• Fordhall Community Land Initiative, 8000 people bought the land of a farmer

Watershed recovering in Straw, USA

  • Repairing rivers, fields, with own hands

Reconnecting with rivers (Mexico City)

Philadelpha The Vanishing Point, water underground, restoring the river regenerating that used to be integrated

Watershed regenerating in Jamaica Bay, USA

  • Plant things in the soil that will eat up toxicity

Farming as schooling, in Yorkshire

  • Economics surprising

Pollinator wayfinding in Seattle

  • Bees are in trouble, make a map of a city, find what bees like, and ask people to plant in garden

Watershed management in Tuscon

  • Street by street, volunteers doing rain water management, tearing up concrete, putting in drainage

Urban orcharding, Dundee

Urbanologyjeitinho:  Degree of social infrastructure that is self-organized

Nomadic incubating:  Crate Brewery, in Hackney, London

  • Lab in a microbrewery, where social innovation can happen

(3) Unprincipled designing

  • If we try hard enough, we can not be defeated by complexity, finding ways to nudge systems rather than controlling them
  • Western educated people have a problem with binary thinking:  only one or the other
  • Design-minded, looking for things that could be done better, but without a complicated schema
  • A search for order, point of intervention, has gotten us into trouble

Ranulph Glanville:  Models of the world are not the world

Polyphasic perception

  • Aboriginal people can understand the world in a different way

You can’t know what it’s like to be old, unless you’re old

There’s a gigantic support ecology that doesn’t exist at all, it’s already there, e.g. families

Don’t talk about delivering things:  systems health is a property of a concept

Attend to root causes:  Marc Rettig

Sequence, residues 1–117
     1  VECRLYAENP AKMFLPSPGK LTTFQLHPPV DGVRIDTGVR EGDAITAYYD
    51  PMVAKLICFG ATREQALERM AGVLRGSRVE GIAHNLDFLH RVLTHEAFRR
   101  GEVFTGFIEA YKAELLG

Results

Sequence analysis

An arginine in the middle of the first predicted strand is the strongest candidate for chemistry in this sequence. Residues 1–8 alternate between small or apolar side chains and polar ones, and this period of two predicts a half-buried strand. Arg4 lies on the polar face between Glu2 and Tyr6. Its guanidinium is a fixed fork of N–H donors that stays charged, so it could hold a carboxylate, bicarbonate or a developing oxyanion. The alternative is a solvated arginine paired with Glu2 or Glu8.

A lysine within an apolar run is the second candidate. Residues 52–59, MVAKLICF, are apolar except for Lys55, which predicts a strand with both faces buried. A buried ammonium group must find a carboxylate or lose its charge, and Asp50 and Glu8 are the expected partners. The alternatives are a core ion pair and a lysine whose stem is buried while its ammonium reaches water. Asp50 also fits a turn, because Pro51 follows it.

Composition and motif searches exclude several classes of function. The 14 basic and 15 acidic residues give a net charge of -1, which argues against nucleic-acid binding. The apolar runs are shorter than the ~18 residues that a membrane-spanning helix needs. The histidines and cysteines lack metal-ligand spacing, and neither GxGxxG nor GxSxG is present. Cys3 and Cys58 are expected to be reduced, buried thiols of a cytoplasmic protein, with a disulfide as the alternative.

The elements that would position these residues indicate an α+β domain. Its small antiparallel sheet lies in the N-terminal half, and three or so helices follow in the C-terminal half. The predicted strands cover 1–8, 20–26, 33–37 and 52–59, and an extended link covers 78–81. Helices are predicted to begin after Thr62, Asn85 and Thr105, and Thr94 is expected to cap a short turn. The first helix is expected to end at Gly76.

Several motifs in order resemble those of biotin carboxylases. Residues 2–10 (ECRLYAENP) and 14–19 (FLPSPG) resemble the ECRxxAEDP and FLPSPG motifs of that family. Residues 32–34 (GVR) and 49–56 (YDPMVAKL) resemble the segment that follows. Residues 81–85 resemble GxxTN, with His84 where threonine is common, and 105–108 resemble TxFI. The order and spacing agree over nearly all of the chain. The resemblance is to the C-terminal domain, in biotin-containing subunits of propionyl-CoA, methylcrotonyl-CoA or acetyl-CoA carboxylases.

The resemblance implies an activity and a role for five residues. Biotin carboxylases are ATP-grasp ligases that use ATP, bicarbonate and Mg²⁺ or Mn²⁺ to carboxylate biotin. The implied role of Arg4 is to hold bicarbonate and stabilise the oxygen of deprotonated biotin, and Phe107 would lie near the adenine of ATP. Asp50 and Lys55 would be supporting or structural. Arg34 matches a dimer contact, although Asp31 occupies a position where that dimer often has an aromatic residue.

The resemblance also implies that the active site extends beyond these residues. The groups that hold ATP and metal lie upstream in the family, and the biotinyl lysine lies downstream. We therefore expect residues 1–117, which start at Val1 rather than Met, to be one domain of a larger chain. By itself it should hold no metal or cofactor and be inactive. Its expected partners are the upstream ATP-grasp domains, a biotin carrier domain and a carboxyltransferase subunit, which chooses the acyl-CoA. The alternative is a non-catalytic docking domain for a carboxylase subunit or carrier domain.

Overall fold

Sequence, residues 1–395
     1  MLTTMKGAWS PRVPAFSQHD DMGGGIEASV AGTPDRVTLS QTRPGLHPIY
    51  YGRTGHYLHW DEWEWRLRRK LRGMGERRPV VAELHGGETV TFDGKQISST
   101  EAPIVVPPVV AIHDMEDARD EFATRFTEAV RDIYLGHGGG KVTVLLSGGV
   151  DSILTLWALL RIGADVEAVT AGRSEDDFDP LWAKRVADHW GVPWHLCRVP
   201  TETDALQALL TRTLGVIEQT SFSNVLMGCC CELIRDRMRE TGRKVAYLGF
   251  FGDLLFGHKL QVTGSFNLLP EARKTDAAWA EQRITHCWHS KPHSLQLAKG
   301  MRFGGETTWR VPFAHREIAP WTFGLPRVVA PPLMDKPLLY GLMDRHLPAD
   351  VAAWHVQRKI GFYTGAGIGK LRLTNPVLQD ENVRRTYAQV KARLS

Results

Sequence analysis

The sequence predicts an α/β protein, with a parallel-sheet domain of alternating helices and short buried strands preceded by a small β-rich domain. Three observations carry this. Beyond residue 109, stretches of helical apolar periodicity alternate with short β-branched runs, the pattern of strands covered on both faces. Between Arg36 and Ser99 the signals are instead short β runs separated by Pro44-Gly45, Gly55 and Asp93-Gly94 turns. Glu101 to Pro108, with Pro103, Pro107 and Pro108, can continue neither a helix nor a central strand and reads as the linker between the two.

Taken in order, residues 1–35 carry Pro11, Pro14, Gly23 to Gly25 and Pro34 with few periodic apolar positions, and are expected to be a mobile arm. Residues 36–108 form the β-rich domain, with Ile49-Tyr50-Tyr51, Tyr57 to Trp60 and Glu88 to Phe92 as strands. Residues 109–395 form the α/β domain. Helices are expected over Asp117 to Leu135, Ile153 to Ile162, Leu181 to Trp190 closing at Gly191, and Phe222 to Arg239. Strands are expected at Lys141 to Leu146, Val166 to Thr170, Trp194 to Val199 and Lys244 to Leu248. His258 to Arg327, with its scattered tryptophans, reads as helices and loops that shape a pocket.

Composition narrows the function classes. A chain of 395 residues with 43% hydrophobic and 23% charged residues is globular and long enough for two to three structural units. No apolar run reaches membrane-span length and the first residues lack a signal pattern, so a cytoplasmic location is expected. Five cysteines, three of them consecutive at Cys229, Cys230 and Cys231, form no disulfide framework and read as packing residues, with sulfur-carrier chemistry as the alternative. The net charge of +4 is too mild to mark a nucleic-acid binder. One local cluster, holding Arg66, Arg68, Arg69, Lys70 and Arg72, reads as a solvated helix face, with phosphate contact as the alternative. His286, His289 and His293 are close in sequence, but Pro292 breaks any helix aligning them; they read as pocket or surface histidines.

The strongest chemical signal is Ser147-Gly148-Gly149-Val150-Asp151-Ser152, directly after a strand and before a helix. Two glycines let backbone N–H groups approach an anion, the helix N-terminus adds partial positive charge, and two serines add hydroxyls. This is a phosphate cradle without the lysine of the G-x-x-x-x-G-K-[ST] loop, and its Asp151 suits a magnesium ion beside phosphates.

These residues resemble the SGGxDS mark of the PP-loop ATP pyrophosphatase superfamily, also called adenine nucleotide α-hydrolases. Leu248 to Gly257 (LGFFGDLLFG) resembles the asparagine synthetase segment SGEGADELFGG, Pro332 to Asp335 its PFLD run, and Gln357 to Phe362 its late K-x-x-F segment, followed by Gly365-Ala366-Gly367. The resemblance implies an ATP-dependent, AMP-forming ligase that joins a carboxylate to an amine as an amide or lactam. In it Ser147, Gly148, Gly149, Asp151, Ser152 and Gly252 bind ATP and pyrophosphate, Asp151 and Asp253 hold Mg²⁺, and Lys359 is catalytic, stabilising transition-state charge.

Slime mold:  health of a social-ecological system (Ernst Haeckel 1904)

Design like a slime mold?


Sketchnoting of John Thackara presentation by Patricia Kambitsch at https://twitter.com/playthink/status/524374724759916544

Sketchnote of John Thackara presentation by Patricia Kambitsch

twitter.com/johnthackara

See also John Thackara “Green Tourism: From ‘Do Less Harm’ to ‘Leave Things Better’ at http://designonline.org.au/content/green-tourism-from-do-less-harm-to-leave-things-better/

#design, #systems-thinking

2014/10/16 16:15 David Ing, “An Invitation to Service Systems Thinking: Collaborating on a New Generative Pattern Language”, #RSD3

First day presentation by @daviding at #RSD3 Relating Systems Thinking and Design 3, in Theories and Methods track, at AHO, Oslo, Norway, moderated by @redesign

Program is at http://systemic-design.net/rsd3-2014/program/


This presentation takes a risk by jumping over the background materials (Conversations for Orientation) to focus on Conversations for Possibilities.  Interested parties mystified by this content may want to look at the two 90-minute videos of “Incubating Service Systems Thinking” at http://coevolving.com/blogs/index.php/archive/incubating-service-systems-thinking/ .

Sketchnote on presentation by David Ing drawn by Danielle Olson at https://twitter.com/DROdesigner/status/522751044154310657 .

Sketchnote on presentation by David Ing, drawn by Danielle Olson

Sketchnote on presentation by David Ing, drawn by Patricia Kambitsch at https://twitter.com/playthink/status/523126303625850880 .

image

Presentation slides are available at http://coevolving.com/commons/201410-an-invitation-to-service-systems-thinking.

An Invitation to Service Systems Thinking

#design, #systems-thinking